Mantis shrimp grew bigger and seabed organisms such as shellfish became more numerous in part of Hong Kong’s waters just two years after ocean trawling was banned, a university study has found.

But the government could better protect marine biodiversity by increasing regulation of the fishing industry, including limiting the size of fish that could be caught, said lead researcher Professor Kenneth Leung Mei-yee, director of the State Key Laboratory of Marine Pollution at City University on Thursday.

Among the four species of mantis shrimp found in Hong Kong, one type had increased 88 per cent in weight, according to Leung.

“Our findings show support for the trawl ban and the effect is very significant,” Leung said. “One of the more interesting findings showed that mantis shrimp in Hong Kong’s western waters have grown bigger. As they make their burrows in the seabed, the ban on trawling means they can live and grow in peace.”

Organisms that live on the sea floor in Hong Kong waters including worms and shellfish.


Fishing trawlers attach large nets to metal chains or cables and drag them behind the boat, or sometimes many vessels, sweeping up all marine wildlife whether it is economically useful or not. The method repeatedly damages the sea floor, as the nets dredge up sediment and the nutrients creatures need to survive, according to Leung.

The research team compared marine life from 28 areas around Hong Kong, including off Lantau Island and Tolo Harbour, collected in 2012, the final year before the ban came into force, against samples taken in 2015.

They found the number of worms, shellfish and other bottom-dwelling creatures had multiplied 3.3 times, which Leung called an encouraging finding for marine health in Hong Kong.

Baptist University biologist Dr Qiu Jianwen, who was also involved in the study, said: “The recovery of these smaller worms or other organisms are important to the overall recovery of marine biodiversity, as they are usually food for other fish and shrimp.

“If these animals have recovered, then it is possible other larger animals will slowly recover, but at a slower pace.”

The study, published in the journal Communications Biology, was only the second in the world to examine the effects of a trawling ban in tropical waters.

But the researchers noted other factors, such as an increase in legal fishing along the southern coast of Hong Kong and a lack of oxygen caused by algal blooms in Tolo Harbour had hampered the recovery of local ecosystems.

They did not see any increase in the number of molluscs in Tolo Harbour, as the animals could not move far enough away to escape low-oxygen areas unlike fish or shrimp. “Improving the water quality here is the only way for the molluscs to be able to recover,” Leung said.

The team found the stocks of fish, crustaceans and molluscs in the southeast and southwest waters failed to recover even after the ban, which Leung said was likely due to the episodic appearance of large droves of sea urchins, which chased off other animals.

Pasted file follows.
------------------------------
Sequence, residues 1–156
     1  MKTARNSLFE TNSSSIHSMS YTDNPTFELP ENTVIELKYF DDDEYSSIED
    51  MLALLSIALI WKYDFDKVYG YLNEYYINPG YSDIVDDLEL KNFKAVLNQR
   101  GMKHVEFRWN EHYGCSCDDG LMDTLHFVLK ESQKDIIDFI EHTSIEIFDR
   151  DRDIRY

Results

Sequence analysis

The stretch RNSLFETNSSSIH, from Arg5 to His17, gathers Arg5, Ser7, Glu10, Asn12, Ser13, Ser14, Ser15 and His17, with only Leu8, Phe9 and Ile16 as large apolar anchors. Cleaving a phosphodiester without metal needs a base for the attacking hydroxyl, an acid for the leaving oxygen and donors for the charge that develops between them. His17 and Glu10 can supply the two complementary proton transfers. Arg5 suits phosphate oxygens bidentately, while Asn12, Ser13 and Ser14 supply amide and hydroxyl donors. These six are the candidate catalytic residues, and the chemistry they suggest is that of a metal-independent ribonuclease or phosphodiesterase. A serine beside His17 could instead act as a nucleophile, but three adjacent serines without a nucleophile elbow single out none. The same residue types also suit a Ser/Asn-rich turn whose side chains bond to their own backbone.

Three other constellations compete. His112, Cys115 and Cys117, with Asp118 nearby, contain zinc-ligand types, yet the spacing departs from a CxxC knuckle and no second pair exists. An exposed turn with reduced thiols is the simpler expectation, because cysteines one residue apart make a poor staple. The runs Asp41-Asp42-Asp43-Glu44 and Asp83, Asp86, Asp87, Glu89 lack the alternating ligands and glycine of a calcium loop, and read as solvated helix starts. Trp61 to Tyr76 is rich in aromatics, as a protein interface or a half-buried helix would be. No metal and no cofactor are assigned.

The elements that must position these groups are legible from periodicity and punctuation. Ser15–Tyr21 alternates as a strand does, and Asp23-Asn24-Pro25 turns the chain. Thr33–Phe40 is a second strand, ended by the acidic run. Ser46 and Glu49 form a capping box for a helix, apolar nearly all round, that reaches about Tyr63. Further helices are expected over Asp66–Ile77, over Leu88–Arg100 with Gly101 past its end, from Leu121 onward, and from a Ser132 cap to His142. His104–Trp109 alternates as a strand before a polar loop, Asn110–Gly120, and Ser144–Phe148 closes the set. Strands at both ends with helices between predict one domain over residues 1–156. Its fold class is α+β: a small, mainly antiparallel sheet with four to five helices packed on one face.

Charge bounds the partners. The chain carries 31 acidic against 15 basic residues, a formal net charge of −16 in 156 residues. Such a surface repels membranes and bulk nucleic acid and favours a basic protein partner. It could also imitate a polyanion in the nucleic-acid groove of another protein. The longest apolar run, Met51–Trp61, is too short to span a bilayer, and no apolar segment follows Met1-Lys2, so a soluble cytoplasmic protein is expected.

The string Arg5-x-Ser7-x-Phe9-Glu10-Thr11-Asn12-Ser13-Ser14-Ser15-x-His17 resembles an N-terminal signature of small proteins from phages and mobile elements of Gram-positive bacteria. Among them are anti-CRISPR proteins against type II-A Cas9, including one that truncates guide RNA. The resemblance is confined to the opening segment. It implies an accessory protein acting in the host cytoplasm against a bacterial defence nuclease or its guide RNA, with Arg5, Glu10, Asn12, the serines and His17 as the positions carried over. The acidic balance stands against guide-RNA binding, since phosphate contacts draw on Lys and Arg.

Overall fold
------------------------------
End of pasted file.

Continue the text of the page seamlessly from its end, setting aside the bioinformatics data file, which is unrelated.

Fishermen had also moved to operating in the southern area in the two years after the ban. Illegal trawling outside Hong Kong waters, where the city has no enforcement power, had also continued to deplete seafood levels, according to Leung.

“If we want marine biodiversity to recover, banning trawling is definitely the way to go,” Leung said, adding the government could do more to improve the recovery rate.

“For example, Hong Kong should regulate the size of fish that fishermen are allowed to catch so that the animals have a chance to grow and reproduce, while minimising marine construction work and increasing enforcement of illegal fishing can also help,” he said.

A fishing boat at Tai Pang Wan, northeast of Hong Kong waters.


The Agriculture, Fisheries and Conservation Department said 28 cases involving illegal trawling and other fishing activities were succesfully prosecuted between 2018 and 2020, and it carried out more than 1,000 patrols every year.

The department also noted it had taken suggestions contained in the Committee on Sustainable Fisheries report released in 2010 and had since implemented a variety of measures, including registering local fishing vessels for operation in Hong Kong waters, limiting new entrants and maintaining an appropriate level of fishing.

It had also restricted fishing activities of non-fishing vessels, prohibited fishing by outside boats and established a Sustainable Fisheries Development Fund. The department said it would continue to explore other management methods and welcomed suggestions.

Angel Lam Yin-ha, manager of ocean conservation at WWF-Hong Kong, agreed the results of the study were encouraging.

“However, it would be great if there could be more longer-term studies that look at whether fish living in different levels of the ocean have recovered, not just on the seabed,” she said.


While regulating catch sizes and limiting where fishermen could operate would help, illegal fishing remained a significant problem, Lam said. Fishermen in Tai Po working with the conservation group had observed a rebound in fish stocks in the two or three years immediately after the ban, but boats from mainland China including trawlers had illegally sneaked into local waters and depleted the stock.

“Ultimately, we need Hong Kong and the mainland to work on enforcement together. Otherwise even if Hong Kong is doing its best, it would not be enough because fish know no borders,” she said.


Setting up areas where fish nursing grounds would be protected, along with marine parks, would be the most effective measure to help seafood thrive, Lam said, adding: “The trawl ban was put in place in 2012, but there has not been much else since then to help promote sustainable fishing, so we hope the government can move faster on these measures.”